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3 Boston music groups thinking outside the Zoom box

In early March, North End Music and Performing Arts Center (NEMPAC) was almost done casting its annual main stage opera, Rossini’s “The Barber of Seville.” It was intended as homage to the North End’s history of artisans and craftsmanship, with a new bilingual Italian-Spanish libretto that nodded to the Seville setting as well as the families NEMPAC serves, many of whom speak Spanish at home.


The pandemic forced a stop to the production, but NEMPAC found a way to make the show go on. In early June, three singers used the scenery of the North End as their stage for favorite scenes from the opera. On Aug. 8, NEMPAC will repeat the performance in various locations around Charlestown and the North End.

At the beginning of the pandemic, livestreamed musical events were an easier sell. But by now, our lives are “oversaturated” with Zoom, said NEMPAC Opera Project artistic director Alexandra Dietrich. “Our working lives have acclimated to being online, and it’s very hard to ask someone after being online from 9 to 5 to then tune in to two more hours of sitting in a chair and watching on a screen.” So now, she suggests, live music is an even greater treasure.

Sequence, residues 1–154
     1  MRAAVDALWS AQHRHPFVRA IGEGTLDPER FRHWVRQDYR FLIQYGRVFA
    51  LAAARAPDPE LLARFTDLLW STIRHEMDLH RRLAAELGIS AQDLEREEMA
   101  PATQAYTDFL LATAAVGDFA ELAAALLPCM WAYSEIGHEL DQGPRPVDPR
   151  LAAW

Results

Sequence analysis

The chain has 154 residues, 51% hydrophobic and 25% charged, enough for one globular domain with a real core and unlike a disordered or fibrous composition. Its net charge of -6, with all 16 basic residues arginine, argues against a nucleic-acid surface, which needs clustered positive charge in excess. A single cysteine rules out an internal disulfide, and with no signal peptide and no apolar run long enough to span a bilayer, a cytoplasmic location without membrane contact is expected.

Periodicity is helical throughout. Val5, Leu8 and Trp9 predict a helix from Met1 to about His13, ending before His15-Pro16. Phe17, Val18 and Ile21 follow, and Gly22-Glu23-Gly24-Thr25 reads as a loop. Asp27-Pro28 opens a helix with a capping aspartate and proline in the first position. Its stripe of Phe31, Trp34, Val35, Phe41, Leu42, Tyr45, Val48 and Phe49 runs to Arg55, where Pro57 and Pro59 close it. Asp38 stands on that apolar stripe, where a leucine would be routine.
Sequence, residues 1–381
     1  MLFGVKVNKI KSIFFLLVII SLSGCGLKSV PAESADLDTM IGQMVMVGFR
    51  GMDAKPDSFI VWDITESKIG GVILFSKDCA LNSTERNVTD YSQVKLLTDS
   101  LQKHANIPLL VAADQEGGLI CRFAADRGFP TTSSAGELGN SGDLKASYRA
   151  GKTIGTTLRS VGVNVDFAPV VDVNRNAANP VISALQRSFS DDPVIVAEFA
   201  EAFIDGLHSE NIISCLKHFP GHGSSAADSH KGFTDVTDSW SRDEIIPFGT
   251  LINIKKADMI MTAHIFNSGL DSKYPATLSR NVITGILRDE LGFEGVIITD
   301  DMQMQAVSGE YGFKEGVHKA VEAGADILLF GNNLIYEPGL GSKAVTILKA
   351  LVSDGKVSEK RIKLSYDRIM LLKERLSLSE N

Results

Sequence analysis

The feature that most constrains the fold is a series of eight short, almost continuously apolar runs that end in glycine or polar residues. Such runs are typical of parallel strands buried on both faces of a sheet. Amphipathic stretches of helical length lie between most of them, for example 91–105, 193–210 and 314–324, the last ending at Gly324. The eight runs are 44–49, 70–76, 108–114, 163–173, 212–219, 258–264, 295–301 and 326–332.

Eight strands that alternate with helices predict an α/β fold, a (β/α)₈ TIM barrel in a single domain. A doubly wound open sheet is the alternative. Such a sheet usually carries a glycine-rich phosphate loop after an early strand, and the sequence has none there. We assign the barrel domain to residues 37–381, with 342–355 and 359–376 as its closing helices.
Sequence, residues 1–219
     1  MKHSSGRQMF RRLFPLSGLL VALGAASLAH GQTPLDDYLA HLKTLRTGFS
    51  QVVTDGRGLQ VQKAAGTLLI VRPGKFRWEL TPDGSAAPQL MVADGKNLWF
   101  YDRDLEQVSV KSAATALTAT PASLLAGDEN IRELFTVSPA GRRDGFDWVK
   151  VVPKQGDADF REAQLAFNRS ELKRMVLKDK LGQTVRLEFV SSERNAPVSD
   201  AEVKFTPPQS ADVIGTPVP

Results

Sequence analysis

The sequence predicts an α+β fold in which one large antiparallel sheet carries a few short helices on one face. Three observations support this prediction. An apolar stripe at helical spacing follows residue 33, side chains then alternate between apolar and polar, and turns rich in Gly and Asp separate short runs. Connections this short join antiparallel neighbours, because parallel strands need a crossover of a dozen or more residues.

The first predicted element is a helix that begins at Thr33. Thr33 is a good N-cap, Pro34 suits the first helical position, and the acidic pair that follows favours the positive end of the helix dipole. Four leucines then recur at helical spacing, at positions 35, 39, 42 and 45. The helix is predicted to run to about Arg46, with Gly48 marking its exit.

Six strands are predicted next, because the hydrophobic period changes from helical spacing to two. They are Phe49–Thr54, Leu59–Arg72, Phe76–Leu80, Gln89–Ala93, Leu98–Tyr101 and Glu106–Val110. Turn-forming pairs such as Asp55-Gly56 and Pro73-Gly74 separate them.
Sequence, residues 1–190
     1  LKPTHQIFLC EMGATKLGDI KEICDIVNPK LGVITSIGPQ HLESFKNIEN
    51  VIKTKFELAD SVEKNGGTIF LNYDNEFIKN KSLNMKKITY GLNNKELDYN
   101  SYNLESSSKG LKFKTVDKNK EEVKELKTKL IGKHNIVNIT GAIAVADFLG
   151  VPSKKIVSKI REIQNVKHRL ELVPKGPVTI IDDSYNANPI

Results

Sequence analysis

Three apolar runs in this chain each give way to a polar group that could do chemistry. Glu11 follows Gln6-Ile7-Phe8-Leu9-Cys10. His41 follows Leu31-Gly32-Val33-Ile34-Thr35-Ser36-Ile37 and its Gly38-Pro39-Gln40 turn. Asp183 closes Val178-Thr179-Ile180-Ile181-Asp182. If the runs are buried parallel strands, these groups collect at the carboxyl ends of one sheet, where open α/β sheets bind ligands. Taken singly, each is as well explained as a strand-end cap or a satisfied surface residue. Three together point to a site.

Scenes featuring the three lead characters (Rosina, Count Almaviva, and Figaro) were blocked according to conservative physical distancing guidelines, keeping a space of 15 feet between characters while singing. It helped matters that within the story, the would-be lovebirds can’t easily meet — in some scenes, one is on a balcony and another the ground floor, or they’re otherwise separated physically. But plot magic keeps them singing together. “We’re able to sing comfortably, not physically touching one

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